Electric Boats: As In Cars, Battery Power Offers Advantages On The Water
August 14, 2014
The world now has something around half a million plug-in electric cars on the roads, and electric propulsion is slowly spreading into other types of transportation.
One of them is electric boats, which have been around for more than a century but are now seeing renewed interest.
Just as with automobiles at the turn of the last century, battery-powered electric boats competed with steam launches and even a few rackety, dangerous, crude motorboats with internal-combustion engines.
Then gasoline and diesel fuel won.
Today, with the cost of lithium-ion batteries falling steadily and marine enthusiasts slowly starting to understand the benefits of electric propulsion, several manufacturers of boats and powertrains see opportunity in boats using electric motors to turn their propellers.
…executives suggested that a preference for quiet boats is one of the drivers that will boost the popularity of electric marine propulsion–one they see in talking to customers. But another is the sheer hassle of maintaining and servicing gasoline engines in boats.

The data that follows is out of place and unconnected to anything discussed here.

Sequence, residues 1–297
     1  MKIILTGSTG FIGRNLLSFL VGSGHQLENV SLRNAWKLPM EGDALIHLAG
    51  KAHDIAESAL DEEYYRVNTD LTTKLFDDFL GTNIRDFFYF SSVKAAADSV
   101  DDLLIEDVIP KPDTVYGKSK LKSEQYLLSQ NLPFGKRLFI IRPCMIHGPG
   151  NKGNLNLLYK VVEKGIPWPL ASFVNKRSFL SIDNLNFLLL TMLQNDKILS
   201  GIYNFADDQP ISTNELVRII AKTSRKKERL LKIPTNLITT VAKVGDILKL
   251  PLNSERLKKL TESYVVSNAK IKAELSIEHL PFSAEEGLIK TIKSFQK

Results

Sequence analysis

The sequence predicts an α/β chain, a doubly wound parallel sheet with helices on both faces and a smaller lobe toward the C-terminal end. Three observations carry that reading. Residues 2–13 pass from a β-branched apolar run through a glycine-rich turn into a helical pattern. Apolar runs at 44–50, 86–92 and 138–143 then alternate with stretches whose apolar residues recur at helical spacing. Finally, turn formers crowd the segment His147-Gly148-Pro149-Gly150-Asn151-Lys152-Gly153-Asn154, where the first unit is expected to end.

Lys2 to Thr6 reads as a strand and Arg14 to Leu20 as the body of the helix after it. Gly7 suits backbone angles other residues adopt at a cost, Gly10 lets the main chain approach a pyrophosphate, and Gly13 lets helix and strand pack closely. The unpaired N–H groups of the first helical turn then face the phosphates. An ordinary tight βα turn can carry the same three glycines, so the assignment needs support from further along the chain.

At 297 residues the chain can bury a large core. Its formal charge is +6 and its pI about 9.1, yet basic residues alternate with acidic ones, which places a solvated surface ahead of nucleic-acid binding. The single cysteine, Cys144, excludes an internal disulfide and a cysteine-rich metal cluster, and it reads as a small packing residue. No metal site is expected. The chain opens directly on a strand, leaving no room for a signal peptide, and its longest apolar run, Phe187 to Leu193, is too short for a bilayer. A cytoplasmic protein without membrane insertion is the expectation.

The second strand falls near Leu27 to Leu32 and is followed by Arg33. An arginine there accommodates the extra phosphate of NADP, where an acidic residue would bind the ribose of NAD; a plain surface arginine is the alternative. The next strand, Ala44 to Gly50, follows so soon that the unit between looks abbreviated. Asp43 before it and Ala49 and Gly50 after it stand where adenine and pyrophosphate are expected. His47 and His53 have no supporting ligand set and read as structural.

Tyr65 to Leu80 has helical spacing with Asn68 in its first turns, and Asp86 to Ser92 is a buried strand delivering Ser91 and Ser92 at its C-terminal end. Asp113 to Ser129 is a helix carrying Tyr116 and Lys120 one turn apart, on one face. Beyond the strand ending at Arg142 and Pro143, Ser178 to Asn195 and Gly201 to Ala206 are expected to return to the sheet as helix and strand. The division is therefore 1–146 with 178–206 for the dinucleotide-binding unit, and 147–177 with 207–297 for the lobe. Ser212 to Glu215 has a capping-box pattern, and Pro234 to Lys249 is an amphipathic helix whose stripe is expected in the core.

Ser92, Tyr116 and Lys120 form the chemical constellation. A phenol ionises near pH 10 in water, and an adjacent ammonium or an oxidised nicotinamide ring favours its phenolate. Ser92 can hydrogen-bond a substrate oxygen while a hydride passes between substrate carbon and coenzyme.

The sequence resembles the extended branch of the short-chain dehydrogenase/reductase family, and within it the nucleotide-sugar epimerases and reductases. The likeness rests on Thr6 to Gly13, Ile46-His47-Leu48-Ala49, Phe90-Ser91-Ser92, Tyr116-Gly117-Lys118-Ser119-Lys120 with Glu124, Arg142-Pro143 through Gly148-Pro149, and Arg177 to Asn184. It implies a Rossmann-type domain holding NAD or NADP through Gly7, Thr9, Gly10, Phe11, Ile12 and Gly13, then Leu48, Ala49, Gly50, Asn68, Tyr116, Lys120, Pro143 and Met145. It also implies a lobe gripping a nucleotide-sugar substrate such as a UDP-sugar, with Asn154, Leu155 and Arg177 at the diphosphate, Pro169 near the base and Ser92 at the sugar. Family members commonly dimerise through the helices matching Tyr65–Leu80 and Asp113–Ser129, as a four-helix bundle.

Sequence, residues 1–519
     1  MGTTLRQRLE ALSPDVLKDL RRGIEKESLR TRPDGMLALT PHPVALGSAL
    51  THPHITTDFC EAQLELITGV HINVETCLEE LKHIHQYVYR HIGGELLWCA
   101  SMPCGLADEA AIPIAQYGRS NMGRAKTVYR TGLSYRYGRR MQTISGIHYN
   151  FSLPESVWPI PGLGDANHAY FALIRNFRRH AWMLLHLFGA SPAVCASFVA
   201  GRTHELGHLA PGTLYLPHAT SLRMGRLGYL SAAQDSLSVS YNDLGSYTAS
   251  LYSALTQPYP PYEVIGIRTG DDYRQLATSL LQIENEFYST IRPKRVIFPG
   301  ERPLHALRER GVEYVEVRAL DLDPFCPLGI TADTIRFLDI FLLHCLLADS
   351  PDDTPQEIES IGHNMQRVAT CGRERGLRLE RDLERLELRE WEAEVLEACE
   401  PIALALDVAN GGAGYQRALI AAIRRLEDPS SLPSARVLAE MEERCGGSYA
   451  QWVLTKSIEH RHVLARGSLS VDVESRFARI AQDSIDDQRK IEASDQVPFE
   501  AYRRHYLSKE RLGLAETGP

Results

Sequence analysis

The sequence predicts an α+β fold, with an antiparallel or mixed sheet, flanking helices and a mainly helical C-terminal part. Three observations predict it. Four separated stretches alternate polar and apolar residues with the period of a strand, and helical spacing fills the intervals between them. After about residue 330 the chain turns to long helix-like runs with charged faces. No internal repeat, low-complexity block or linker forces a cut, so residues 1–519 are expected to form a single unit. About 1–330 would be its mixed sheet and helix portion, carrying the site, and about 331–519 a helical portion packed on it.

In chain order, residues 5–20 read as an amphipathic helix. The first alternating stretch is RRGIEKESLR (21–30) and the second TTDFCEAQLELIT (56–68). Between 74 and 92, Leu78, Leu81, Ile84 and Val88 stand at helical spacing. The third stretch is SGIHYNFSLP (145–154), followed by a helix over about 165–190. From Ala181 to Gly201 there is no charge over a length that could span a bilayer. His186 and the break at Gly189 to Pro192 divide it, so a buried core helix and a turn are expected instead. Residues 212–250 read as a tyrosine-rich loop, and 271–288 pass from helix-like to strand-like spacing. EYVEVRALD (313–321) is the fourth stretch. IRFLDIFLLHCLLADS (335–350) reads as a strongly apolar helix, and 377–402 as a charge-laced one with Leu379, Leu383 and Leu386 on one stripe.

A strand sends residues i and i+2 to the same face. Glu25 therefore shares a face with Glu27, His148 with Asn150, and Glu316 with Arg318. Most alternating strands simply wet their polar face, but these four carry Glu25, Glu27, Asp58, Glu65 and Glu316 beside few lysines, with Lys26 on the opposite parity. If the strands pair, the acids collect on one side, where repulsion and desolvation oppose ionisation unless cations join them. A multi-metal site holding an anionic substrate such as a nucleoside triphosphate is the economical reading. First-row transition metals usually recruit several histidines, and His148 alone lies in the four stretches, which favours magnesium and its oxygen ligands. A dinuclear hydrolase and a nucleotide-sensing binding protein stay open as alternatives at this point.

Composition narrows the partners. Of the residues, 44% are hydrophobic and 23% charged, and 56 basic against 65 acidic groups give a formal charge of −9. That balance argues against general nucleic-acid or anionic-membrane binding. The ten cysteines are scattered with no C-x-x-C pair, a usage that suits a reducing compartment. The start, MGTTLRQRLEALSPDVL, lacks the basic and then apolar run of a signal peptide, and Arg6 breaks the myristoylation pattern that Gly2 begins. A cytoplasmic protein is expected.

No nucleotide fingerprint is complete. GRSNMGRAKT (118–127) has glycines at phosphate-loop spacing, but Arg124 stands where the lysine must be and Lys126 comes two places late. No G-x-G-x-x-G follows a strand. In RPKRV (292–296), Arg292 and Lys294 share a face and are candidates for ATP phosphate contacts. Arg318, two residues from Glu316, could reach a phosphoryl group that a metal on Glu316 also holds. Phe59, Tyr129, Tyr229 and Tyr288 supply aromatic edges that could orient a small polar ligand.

Cruising yachts aside, most privately-owned boats don’t actually cover all that many miles each year. But the annual maintenance required to prepare a gasoline boat for winter storage and then recommission it each spring is substantial–above and beyond repairs and general upkeep.
Either keeping the pack on a trickle charger or removing it to warm storage is all that’s needed, although it’s likely marina owners may worry about the loss of some annual revenue associated with all that maintenance and storage.
Finally, there’s the emissions issue: Boats powered by gasoline are remarkably high polluters, as the gasoline and oil slicks surrounding multiple boats in any marina indicate.
Similar reasons Overall, the reasons that electric cars will continue to grow–better driving experience, lower operating costs, reduced emissions, less maintenance–apply to boats as well. In boats, the light weight of lithium-ion batteries is less important than in cars, and of course the aerodynamics of road vehicles and the hydrodynamics of water resistance change the equations of weight, power, and shape.
But just as you may have noticed the first electric car in your neighborhood, keep an eye for the first electric boat on your nearest body of water.
It’ll be the one not making any noise.